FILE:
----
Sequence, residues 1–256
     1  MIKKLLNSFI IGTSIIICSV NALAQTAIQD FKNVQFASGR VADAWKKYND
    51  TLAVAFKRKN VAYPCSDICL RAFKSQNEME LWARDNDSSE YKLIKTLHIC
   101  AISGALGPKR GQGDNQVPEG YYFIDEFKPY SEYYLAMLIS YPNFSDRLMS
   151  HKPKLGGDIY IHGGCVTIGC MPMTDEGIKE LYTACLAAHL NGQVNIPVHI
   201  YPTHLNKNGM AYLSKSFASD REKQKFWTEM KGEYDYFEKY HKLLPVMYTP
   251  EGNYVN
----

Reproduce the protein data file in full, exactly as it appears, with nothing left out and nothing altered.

Sequence, residues 1–256
     1  MIKKLLNSFI IGTSIIICSV NALAQTAIQD FKNVQFASGR VADAWKKYND
    51  TLAVAFKRKN VAYPCSDICL RAFKSQNEME LWARDNDSSE YKLIKTLHIC
   101  AISGALGPKR GQGDNQVPEG YYFIDEFKPY SEYYLAMLIS YPNFSDRLMS
   151  HKPKLGGDIY IHGGCVTIGC MPMTDEGIKE LYTACLAAHL NGQVNIPVHI
   201  YPTHLNKNGM AYLSKSFASD REKQKFWTEM KGEYDYFEKY HKLLPVMYTP
   251  EGNYVN